University of Wisconsin outside linebacker Zack Baun was dropping into coverage when he saw Iowa's Nate Stanley take off on a surprise quarterback draw up the middle.
Had Stanley crossed the goal line on the two-point conversion attempt, the Hawkeyes would have tied the game with just over 3 minutes to play. Badgers inside linebacker Chris Orr had other ideas, however, slamming into Stanley at the 1-yard line and stopping him short of the end zone to preserve 16th-ranked UW's 24-22 victory over 18th-ranked Iowa in a had-to-have-it game for both teams Saturday at Camp Randall Stadium.
"The collision Chris had with that dude really symbolizes what this rivalry is," Baun said. "It's mano-a-mano, strength-on-strength, and Chris and Wisconsin won that one."
Orr and UW won more than that Saturday. A lot more than that.
It wasn't pretty and it wasn't easy — games between UW and Iowa never are — but the hard-fought victory over its arch rival was exactly what UW needed after dropping back-to-back road games against on-the-rise Illinois and third-ranked Ohio State. Style points no longer matter to UW, which bowed out of the College Football Playoff discussion with those two losses, but getting back to playing good football and beating a high-quality opponent did matter. In fact, it mattered more than anyone outside the locker room knew.
"It's great, especially going against a great opponent like Iowa," Orr said. "You know it's a true test. It's not like you just played some lower-division team. It's great to get a win, especially after a bye week and then two losses before that. It's great to get that taste out of our mouths."
The Badgers had a bye week to stew over what many began to consider a lost season and returned to action against the Hawkeyes in one of their three trophy games. The contest matched teams with two Big Ten Conference losses that were facing elimination from the West Division race with another loss, especially after Minnesota remained unbeaten with a surprising victory over Penn State earlier in the day. Though UW will need help now, it remained in contention for a spot in the Big Ten championship game.
But while getting the win was vitally important to the Badgers' future, how they got the win was even more important to their present-tense peace of mind.
"It's been a rough couple weeks," guard David Moorman said. "But I think we're a resilient group. No one gave up. It could have been easy after the last two weeks to just sulk and not get better. I think we got better and we got back to a brand of football we want to be known for, the style of football we want to play. It's big going forward. November, that's when teams are playing at their best and you see what you're made of. It was great to get off in November on the right foot."
That was true even if the right foot stubbed its toe on occasion. Indeed, UW overcame a flurry of pre-snap penalties and a missed field goal early, but still controlled the game for three quarters behind stellar defensive play, taking a 21-6 lead. Iowa started flinging the ball around after that and got back into the game, but that couldn't detract from the way UW played or how it rectified its sins from the previous two games.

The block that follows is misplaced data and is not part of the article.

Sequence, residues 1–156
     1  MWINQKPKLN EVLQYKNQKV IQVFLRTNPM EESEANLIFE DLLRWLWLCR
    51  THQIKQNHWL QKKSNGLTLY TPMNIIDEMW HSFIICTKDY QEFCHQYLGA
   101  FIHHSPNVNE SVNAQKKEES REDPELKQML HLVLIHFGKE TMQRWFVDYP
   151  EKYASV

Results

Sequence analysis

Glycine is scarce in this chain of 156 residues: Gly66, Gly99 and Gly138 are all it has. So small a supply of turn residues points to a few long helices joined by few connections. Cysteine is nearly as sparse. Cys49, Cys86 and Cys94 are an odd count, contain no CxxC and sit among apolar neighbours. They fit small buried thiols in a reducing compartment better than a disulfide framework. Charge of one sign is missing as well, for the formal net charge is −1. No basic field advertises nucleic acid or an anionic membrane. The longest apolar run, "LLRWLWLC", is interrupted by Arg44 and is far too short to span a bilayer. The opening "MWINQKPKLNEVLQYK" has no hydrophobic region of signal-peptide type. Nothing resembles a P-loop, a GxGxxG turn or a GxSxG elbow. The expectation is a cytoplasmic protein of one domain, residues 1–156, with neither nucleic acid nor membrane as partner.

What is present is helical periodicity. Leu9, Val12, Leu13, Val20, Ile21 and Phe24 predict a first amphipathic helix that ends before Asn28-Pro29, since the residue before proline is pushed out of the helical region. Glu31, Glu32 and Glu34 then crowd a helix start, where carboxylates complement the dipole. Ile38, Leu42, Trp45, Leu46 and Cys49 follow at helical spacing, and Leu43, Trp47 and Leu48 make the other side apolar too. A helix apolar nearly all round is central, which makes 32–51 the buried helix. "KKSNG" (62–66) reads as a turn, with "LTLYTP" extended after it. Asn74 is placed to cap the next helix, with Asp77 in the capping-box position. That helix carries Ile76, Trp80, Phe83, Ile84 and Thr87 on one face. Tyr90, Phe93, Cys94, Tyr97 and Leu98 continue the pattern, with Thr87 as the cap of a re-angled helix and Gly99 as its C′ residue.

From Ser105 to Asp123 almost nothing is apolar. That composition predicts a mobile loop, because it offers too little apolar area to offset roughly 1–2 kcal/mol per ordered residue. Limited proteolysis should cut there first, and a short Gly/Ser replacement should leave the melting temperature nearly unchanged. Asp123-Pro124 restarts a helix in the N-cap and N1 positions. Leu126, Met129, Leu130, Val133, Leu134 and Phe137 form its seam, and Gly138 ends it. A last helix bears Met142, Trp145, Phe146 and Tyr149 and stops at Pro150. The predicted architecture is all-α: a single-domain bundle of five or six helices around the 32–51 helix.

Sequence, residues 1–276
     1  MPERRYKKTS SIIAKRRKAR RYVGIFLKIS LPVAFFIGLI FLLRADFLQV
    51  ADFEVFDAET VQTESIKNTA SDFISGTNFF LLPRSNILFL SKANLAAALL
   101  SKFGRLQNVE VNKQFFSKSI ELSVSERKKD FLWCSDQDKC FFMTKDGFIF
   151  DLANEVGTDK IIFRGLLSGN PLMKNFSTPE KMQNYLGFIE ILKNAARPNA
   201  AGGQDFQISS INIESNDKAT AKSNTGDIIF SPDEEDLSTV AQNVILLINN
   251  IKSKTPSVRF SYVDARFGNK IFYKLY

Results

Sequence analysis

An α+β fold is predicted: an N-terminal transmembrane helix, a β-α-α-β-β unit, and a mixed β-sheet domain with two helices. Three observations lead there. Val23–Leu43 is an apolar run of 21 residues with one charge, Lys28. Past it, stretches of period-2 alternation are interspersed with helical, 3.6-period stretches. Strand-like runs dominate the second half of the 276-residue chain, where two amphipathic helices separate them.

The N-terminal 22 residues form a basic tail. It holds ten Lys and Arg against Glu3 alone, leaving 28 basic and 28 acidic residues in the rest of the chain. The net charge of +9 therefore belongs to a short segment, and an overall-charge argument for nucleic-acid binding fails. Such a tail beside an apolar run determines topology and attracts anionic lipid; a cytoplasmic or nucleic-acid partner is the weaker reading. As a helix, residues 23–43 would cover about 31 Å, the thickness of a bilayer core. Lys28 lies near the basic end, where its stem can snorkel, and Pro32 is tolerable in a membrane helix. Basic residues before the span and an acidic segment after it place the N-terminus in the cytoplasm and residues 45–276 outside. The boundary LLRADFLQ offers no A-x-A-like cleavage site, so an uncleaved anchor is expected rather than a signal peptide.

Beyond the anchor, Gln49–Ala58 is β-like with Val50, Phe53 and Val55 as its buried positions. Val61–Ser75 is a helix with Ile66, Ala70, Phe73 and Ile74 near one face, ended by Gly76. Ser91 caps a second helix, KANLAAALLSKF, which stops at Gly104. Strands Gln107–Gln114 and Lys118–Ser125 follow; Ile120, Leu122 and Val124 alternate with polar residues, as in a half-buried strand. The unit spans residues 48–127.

What a relief it was to see tailback Jonathan Taylor running like, well, Jonathan Taylor behind a line that once again was getting push up front on play after play. UW ran for 300 yards, including 250 from Taylor, against a defense that entered the game allowing only 87.8 per game.
What a relief it was to see UW's offense once again getting the ball in the hands of its wide receivers. Quintez Cephus caught five passes for 94 yards — one a 52-yarder, another one a 27-yard touchdown catch — and also drew a pass-interference penalty that set up UW's first touchdown. Danny Davis scored touchdowns on a 17-yard jet sweep and a 4-yard pass.
But the biggest relief came in the final few minutes when the Badgers showed that they haven't given up on this season and haven't forgotten how to close out a game, especially after they allowed a 75-yard Stanley-to-Tyrone Tracy touchdown pass with 3:12 to play.
On the next snap, the Badgers turned back Iowa's two-point conversion try when first Orr smacked into Stanley and then seemingly all 10 of his teammates arrived just to make sure the 6-foot-4, 243-pound quarterback couldn't push his way into the end zone. Then, UW's much-maligned running game took the remaining time off the clock with a nine-play drive — all on the ground — that netted three first downs even though Iowa knew what was coming.
Even though UW made mistakes, including losing the turnover battle, the win was as satisfying as any one of their first six.
"The bye week gave us an opportunity to reset and recharge and recoup and regenerate," Baun said. "I think it helped. I think the outcome of the game really proved that. And moving forward, it'll just boost us."
UW's path is now clear. It needs to beat Nebraska and Purdue, then go to Minnesota and beat the Gophers. And Minnesota needs to lose at least one of its next two games, at Iowa and at Northwestern.
More important, UW's path now appears doable after the Badgers got their game — and their season — back on track Saturday.
Photos: Wisconsin Badgers hold off Iowa Hawkeyes in Big Ten West showdown